Today my great-grandmother would have been 110 years old. That’s a pretty amazing age for anyone to live to, but in my family, it’s practically unheard of.
Grandma, as I called her, died at 78. I was five years old, and hers was the first wake I ever attended. In hindsight, I can say with certainty that it would have been better if I’d not been there.
Wakes – and funerals, to be honest – completely freak me out. Even now, over thirty years later, I avoid them if I can. I’m uncomfortable in the presence of death, and that stems from the open casket at Grandma’s wake. I can remember relatives telling me to go up and say goodbye. I can also remember being terrified that Grandma would open her eyes and sit up and talk to me.
I’ve attended a handful of wakes since that first one, and I’ve been anxious each time. The open caskets, the declarations of how “good” the deceased looks… it’s a bit too much for me. When my dad died a few years ago, I was in the room. My being capable of being there for that moment was a surprise, even to me. My almost immediate exit of the room? Not so surprising. We did not have a service for my dad, and I chose not to spend time with his body at the funeral home later. I know that many people need that moment of closure, but I’m not many people, and I am okay with my decision.
Whenever a friend or acquaintance loses someone, I offer my condolences. And I stress out about attending the services. Some time last year, I made the decision to stop stressing. I’ve decided that instead of worrying about whether I should go or not and worrying about how I will react to the event, I just won’t go to wakes. I can pay my respects in other ways. And I can stand by this decision without worrying about how it will look, how others will react. The reactions of others aren’t mine to control. And that fact is a larger one that I need to remember in many other facets of my life.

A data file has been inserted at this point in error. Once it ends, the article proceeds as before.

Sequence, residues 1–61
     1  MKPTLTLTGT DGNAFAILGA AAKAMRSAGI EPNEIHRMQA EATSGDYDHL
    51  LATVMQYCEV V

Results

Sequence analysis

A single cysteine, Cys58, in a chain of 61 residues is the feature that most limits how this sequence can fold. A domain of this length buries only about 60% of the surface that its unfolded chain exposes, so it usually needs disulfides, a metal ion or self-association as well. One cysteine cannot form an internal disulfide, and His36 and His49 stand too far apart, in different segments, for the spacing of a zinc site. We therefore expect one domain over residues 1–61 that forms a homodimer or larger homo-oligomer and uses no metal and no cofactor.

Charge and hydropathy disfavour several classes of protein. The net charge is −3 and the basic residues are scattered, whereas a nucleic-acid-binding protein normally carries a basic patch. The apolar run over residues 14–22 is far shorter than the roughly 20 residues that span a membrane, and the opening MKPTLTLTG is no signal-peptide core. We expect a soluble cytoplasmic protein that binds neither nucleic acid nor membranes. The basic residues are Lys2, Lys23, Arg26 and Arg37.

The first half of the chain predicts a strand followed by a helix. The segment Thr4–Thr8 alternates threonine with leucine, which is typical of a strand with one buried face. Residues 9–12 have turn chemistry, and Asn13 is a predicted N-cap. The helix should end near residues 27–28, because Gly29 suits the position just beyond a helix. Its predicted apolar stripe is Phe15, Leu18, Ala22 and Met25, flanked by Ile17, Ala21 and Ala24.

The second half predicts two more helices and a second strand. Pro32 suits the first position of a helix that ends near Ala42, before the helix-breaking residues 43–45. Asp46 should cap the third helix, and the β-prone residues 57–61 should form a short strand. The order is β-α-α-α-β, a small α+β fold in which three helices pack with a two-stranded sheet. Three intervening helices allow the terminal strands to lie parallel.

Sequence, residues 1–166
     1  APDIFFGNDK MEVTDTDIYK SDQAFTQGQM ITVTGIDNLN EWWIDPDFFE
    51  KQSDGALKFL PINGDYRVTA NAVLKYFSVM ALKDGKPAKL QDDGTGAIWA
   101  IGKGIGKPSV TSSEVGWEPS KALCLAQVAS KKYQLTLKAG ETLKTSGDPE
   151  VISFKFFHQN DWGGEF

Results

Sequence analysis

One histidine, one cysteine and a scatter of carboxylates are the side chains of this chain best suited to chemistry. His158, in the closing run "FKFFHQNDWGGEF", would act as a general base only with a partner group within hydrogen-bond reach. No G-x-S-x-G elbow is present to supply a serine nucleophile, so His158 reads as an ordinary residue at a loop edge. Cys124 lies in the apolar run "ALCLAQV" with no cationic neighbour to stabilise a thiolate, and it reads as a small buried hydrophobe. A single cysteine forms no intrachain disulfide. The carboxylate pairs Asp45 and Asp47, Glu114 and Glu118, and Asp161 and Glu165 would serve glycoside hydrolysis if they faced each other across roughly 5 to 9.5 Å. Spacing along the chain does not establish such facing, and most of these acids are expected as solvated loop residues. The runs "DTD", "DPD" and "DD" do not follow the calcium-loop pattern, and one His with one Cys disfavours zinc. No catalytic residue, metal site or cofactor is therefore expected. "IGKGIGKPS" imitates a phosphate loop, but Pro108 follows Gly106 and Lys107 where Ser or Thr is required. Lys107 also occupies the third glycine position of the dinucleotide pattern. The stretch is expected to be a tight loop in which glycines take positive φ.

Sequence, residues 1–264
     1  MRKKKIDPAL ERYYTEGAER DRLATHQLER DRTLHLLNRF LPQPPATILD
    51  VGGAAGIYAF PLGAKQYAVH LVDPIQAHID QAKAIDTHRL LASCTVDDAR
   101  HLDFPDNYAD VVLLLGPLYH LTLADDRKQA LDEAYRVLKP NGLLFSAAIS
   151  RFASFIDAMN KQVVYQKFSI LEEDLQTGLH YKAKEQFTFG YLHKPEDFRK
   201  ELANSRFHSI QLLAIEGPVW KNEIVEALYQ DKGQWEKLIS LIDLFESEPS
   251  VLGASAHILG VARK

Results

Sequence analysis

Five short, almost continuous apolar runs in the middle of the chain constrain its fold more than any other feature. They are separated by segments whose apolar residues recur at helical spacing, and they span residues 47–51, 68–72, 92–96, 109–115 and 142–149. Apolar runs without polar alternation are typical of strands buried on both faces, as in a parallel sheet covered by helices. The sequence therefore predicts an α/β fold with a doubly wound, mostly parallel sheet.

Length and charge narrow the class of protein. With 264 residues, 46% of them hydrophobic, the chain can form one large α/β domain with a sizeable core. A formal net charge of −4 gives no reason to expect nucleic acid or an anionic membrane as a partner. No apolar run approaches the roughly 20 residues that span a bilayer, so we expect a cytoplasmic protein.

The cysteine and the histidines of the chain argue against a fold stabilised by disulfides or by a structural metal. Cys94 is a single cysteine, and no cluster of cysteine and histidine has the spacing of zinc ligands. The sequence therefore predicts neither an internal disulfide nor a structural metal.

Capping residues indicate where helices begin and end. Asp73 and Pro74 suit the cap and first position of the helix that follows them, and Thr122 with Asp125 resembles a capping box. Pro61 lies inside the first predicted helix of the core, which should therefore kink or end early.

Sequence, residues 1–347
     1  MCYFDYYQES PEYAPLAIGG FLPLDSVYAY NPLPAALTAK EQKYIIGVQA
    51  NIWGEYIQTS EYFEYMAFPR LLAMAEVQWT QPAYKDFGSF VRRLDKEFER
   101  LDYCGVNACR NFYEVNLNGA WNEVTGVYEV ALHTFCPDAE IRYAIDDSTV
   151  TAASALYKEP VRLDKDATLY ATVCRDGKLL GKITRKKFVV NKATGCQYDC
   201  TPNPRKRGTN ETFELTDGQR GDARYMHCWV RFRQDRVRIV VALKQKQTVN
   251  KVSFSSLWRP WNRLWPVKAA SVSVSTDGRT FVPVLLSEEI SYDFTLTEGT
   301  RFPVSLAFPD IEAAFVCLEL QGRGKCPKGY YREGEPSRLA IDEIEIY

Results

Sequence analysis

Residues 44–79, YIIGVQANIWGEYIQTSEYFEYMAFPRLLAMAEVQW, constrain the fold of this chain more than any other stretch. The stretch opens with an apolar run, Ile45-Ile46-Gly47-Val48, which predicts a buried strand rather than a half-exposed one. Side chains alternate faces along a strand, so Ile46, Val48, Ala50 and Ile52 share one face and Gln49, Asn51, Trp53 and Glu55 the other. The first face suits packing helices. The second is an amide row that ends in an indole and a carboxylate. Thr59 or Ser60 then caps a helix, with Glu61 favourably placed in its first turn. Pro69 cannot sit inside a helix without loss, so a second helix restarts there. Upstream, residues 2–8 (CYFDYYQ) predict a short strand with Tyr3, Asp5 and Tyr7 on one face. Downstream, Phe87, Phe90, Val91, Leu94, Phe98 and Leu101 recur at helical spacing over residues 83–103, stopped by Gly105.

I don’t know exactly why it was decided that I should attend my great-grandmother’s open casket as a five-year old. Perhaps it was a decision based on familial expectation. Perhaps it was an expectation that should have been questioned.
I know that there is a common understanding that we must feel obligated to do things, to attend events, to practice societal norms because it’s “right” to do so. But the older I get, the more I have to question who gets to tell us what is “wrong” in a myriad of situations. Who gets to make the call as to whether it’s better to look out for oneself (or one’s loved ones) or to go with the flow because it’s expected?
I wish I had more memories of Grandma when she was alive, but I can’t say I remember much from the first few years of my life. I’d prefer not to have the memory of her wake looming over snapshots of eating donuts in her kitchen or sitting on my grandparents’ couch with her, but I am grateful for the lesson I’m still learning from that experience.